Figure 6: Anatomic structures of FIC.

Traditional LOR emphasizes feeling the "breaking through" sensation twice, indicating successful penetration of the needle through the fascia lata and fascia iliaca. However, mistaking the fascia of the subcutaneous tissue for the fascia iliaca would result in too-shallow needling. Use of short-bevel needles requires extra force to break through the fascia because the needle tip slope is 45°, which may result in too-deep needling after penetrating the fascia. Compared with traditional nerve block methods such as blind detection, nerve stimulator guidance, computed tomography (CT), or magnetic resonance assistance, the advantages of ultrasound-guided peripheral nerve block include the ability to directly "observe" each anatomical structure and simultaneously monitor the block process in real-time. In this study, when the anesthetist felt the sense of "breaking through" twice, one ultrasound probe was placed at the inguinal folds to observe drug diffusion after administration, thus marking the exact location of the needle. The results showed that the drug diffusion was above the fascia iliaca in 25 cases (14.3%), within the FIC 99 in cases (56.6%), and inside the iliopsoas in 51 cases (29.1%). In other words, ultrasound confirmed that the traditional LOR methods only had an accuracy rate of 56.6%; thus, the traditional LOR method had certain limitations when used to for positioning within the FIC.

Previous studies have used corresponding nerve block situations to assess block success or when evaluating the effects of FICB. Lopez et al. [6] used the temperature sensation test on the anterior, lateral, and median side of the thigh 10 min after drug administration to evaluate the block effects, in which temperature sensation loss on all the three sides of thigh was defined as a complete block, loss on one or two sides of the thigh was defined as a partial block, and no loss of sensation was defined as block failure; complete and partial blocks were considered successful blocks, and the success rate in their study was 96.4%. According these criteria, 160 cases in the current study lost temperature sensation on any side of thigh 20 min after drug administration, accounting for 91.4% of all cases, similar the rate reported by Lopez. Meanwhile, 20 min after the block, 119 cases exhibited hypoesthesia on all three sides of the thigh, accounting for 68% of cases. Therefore, the success rate of LOR for FICB was 90% in the current study, while the rate of complete block was over 65%, indicating its high clinical efficiency.

Drug diffusing outside the FIC may also result in anesthetic effects. This is because the FIC is a type of deep fascia composed of dense connective tissues. Ropivacaine is a long-term local anesthetic; when injected above the FIC, some drug might penetrate the fascia iliaca and reach the FIC, resulting in the corresponding effects. Furthermore, 30 mL of 0.5% ropivacaine was used in the current study, which is a relatively high dosage and concentration; therefore, injection of the drug inside the iliopsoas, could still affect the corresponding nerve through trans-muscle diffusion and result in a successful block. However, 20 min after the block, the success rate of FICB was 98.0% and the complete block rate was 86.9%, rates, which were both significantly higher than the other two situations; thus, accurate positioning within the FIC could significantly improve success and complete block rates in FICB.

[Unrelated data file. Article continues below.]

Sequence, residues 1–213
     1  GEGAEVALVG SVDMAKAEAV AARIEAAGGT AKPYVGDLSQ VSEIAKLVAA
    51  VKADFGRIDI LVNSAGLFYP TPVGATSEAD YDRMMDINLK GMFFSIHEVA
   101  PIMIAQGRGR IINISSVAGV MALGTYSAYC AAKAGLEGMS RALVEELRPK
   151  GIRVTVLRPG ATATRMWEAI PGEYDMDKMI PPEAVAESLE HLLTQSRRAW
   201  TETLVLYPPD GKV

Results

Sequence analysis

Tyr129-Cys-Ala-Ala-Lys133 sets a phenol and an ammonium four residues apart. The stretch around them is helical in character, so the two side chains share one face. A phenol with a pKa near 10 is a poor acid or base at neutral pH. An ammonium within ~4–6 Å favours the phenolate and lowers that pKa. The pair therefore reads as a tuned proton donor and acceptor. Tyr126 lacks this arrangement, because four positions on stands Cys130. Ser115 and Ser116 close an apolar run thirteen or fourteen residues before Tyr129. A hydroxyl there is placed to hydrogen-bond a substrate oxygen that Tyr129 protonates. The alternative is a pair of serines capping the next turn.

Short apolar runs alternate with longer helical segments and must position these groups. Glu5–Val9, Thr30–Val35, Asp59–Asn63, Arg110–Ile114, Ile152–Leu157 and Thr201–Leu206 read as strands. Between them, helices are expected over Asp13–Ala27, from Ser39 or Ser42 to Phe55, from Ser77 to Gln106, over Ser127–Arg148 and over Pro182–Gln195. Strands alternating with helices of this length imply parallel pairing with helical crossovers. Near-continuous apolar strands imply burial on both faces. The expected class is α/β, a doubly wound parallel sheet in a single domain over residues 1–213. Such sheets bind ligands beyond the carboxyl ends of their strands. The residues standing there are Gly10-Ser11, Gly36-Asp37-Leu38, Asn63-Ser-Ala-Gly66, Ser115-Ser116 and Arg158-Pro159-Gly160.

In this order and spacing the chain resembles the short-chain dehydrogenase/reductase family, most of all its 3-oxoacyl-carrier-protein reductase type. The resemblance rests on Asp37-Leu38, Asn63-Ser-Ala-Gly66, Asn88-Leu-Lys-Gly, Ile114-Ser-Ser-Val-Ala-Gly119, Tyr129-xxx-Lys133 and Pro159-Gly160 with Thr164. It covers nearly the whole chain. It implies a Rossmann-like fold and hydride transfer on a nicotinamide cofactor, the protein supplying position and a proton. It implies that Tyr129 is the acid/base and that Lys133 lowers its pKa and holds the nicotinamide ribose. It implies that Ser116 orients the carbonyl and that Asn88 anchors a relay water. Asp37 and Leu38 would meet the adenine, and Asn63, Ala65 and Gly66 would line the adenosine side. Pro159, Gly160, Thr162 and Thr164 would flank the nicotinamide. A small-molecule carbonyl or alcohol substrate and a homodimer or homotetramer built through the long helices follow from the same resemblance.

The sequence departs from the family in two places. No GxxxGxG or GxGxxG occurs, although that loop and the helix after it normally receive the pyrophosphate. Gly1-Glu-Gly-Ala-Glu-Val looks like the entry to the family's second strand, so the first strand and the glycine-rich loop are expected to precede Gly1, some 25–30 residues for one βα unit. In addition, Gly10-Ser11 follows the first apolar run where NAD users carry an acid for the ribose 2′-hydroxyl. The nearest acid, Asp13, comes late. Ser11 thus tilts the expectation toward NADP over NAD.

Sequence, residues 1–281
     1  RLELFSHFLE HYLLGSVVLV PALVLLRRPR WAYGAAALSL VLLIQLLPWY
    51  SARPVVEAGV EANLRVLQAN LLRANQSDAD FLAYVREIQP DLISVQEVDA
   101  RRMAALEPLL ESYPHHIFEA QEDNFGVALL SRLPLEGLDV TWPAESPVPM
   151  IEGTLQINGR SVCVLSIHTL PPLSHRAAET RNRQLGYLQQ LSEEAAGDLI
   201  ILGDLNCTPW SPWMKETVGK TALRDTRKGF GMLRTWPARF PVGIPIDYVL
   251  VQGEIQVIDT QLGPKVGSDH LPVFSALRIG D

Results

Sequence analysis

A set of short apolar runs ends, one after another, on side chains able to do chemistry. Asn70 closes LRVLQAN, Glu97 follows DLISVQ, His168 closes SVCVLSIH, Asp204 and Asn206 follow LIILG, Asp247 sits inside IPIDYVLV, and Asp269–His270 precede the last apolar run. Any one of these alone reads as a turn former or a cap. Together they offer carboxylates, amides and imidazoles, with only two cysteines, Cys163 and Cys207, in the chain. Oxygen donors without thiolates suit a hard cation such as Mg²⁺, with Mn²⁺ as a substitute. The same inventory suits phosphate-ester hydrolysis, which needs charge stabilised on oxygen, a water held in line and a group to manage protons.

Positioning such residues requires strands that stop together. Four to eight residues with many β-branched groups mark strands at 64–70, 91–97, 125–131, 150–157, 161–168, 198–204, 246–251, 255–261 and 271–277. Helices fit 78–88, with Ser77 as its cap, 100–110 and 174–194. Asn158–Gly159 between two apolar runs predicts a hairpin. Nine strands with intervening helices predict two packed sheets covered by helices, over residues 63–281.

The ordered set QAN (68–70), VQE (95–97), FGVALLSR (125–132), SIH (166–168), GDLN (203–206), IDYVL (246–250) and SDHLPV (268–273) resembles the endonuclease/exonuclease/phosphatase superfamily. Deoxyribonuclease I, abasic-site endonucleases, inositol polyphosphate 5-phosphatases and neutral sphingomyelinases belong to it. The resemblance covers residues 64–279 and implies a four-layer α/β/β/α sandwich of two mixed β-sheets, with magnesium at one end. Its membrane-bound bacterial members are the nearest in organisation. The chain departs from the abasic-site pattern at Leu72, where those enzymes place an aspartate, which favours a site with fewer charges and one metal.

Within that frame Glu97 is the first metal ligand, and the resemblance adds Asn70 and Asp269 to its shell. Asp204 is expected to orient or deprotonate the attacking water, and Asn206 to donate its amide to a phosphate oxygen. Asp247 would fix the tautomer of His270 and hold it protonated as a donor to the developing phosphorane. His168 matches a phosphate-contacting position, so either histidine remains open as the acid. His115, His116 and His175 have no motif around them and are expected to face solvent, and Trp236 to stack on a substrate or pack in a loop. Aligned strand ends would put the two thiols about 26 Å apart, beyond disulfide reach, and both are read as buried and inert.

Ultrasound guided nerve block is good method in FICB; however, it has some limitations in clinical work. First of all it need ultrasonic equipment in special and it is not available in most hospitals and secondary it can increase the cost in clinic and also is not easily to be carried with operator at any time because of its inconvenient moving in addition of all above the clinical doctors still need a certain courses of training on the ultrasonic using so that they can keep reaching the well-done blocking effect. Therefore, corresponding ultrasound guiding nerve blocking, the traditional blocking without it still has its superiority in clinical work.

FICB has traditionally been performed using the method of blindly detecting the LOR, and the success rate of this technique varies in different studies [14]. In order to ensure block consistency in this study, all operations were performed by anesthetists with more than six years of experience with anesthesia, and all anesthetists had independently completed more than 50 FICB procedures before this study, thus ensuring the correctness and accuracy of needling in our study.

In recent years, ultrasound-guided nerve blocks have offered advantages such as increased success rates, shorter block onset times, longer block duration, lower effective concentrations, and higher patient satisfaction than traditional methods [15-21], resulting in its increasing application in clinical work. Dolan reported that ultrasound-guided FICB could effectively improve success block rates [12] because the needle could be accurately positioned within the FIC under ultrasound guidance, an observation similar to the results of the current study, in which accurate positioning of the needle within the FIC resulted in significantly higher successful block rate compared to rates in the other two groups.

The results of this study showed that accurate positioning in the FIC could improve the success rate and completing rate of block in FICB. While LOR had good clinical efficacy for FICB, its accuracy was not satisfactory. Because ultrasound maybe useful for accurately locating the FIC, it could effectively improve the accuracy of FIC positioning.

Conflicts of interest

All of the authors declare that they have no conflicts of interest regarding this paper.